Antibiotic Resistance Levels
The research by Newcastle University and the Indian Institute of Technology, Delhi looked at sediments from the Ganges and Yamuna Rivers in India and streams in the River Tyne catchment. They found that heavy metals, which are high in the River Tyne catchment due to historic mining and industrial activity, relate to antibiotic resistance levels in the river. The same was seen in the Indian rivers, especially in areas of industrial activity.
Publishing their findings in the Journal of Environmental Pollution, the team investigated the relationships between heavy metals concentrations, metal resistance genes (MRGs), and antibiotic resistance genes (ARGs). They found that MRGs and ARGs were more abundant where metal levels were higher, suggesting that areas with metal pollution also have higher levels of antibiotic resistance – even when no elevated levels of antibiotics are present.
A Major Global Public Health Issue
Antibiotic resistance, also called antimicrobial resistance (AMR), is a major global public health issue that has implications for effectively treating a growing number of infections caused by bacteria, parasites, viruses, and fungi. Antibiotic use selects for resistance strains in human and animal wastes, which can be released to the environment via wastewater, spreading ARGs and AMR bacteria across nature. An estimated 1.2 million people died in 2019 from antibiotic-resistant bacterial infections according to the University of Oxford.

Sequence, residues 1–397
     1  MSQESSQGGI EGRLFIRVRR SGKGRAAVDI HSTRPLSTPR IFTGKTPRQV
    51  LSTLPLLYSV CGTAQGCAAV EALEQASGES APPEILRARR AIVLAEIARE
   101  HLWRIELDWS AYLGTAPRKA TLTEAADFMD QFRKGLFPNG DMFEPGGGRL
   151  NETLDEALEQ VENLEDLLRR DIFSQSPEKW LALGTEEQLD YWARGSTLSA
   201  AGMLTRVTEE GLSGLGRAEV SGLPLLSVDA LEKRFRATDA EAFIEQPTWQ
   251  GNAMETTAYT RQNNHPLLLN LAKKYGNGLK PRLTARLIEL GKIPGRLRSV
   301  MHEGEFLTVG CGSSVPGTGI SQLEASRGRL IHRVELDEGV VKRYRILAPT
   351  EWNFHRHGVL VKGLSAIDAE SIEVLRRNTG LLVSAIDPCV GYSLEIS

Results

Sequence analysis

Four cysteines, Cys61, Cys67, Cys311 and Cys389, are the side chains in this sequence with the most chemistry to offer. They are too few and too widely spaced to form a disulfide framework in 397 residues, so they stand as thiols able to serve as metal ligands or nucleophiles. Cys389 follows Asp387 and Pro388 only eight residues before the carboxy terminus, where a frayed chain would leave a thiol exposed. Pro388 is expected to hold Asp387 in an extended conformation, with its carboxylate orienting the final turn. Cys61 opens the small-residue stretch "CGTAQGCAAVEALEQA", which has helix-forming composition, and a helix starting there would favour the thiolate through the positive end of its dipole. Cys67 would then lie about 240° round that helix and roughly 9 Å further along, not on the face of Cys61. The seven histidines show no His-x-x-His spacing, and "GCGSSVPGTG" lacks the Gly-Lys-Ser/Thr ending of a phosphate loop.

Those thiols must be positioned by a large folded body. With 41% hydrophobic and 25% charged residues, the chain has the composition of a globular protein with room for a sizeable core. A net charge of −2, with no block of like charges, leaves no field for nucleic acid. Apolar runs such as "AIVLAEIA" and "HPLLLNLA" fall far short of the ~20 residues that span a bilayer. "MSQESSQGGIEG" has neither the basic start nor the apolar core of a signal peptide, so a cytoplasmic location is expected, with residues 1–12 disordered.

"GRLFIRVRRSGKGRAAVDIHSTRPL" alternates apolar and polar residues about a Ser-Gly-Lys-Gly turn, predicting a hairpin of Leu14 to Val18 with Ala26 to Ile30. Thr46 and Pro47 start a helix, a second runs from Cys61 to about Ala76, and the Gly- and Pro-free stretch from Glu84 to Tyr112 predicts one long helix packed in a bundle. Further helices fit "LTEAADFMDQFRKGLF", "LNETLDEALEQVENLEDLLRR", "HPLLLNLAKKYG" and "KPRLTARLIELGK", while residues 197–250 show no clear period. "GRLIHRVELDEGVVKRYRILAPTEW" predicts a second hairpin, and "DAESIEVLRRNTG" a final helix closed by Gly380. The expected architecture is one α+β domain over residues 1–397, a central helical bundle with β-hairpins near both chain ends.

The study shows that metal pollution can also affect the resident bacteria, with Firmicutes and Bacteroidota being the most abundant phyla at sites with high metal pollution. These groups of bacteria are common in metal-contaminated environments and are known to carry MRGs and ARGs in “gene cassettes”. This explains why metal exposures can cause antibiotic resistance.
The study also found that specific combinations of metals promote the strongest bacterial responses. Cobalt plus Nickel and combining Cobalt, Zinc, and Cadmium were the most effective at causing antibiotic resistance.
Modern Water, a global leader in water quality analysis for trace metals, works with municipal water authorities and operators worldwide to help them detect harmful trace metals in river water that may damage the environment to protect the health of cities and communities.
A solar-powered MicroTrace water monitoring station located in Asia in measuring arsenic, cadmium and lead.
The MicroTrace OVA7100 and OVA7100 Dual Cell are fully automated on-line metal monitors to provide continuous or intermittent monitoring of metals in process streams, effluent discharges, river and potable water.
The MicroTrace OVA utilizes internationally recognized voltammetry (ASV and CSV) technology, which provides a quick and accurate determination of metals at the micrograms per liter (ppb) level, directly comparable with laboratory analysis using AAS or ICP.
They provide real-time monitoring of several concurrent sample streams, configured to individual customer requirements. Sample pre-treatment may include digestion for the elimination of potential interferences, although ASV is not affected by aluminum, sodium, calcium, magnesium, chlorine, or other salts, often present in industrial samples which can cause problems with other analyses methods.
A Micro-Trace OVA7100 Dual analyzer is located in a rural river monitoring station in China (or Asia). The analyzer measures 10 different trace metals and operates continuously.
Worldwide Reputation For Quality, Reliability, And Ease Of Use
The MicroTrace OVA systems have a worldwide reputation for quality, reliability, and ease of use. The MicroTrace OVA has an installed base of over 750 river monitoring applications.
You can learn more about how Modern Water’s MicroTrace OVA7100 trace metal analyzer can protect your water supply here or by contacting your local Modern Water representative.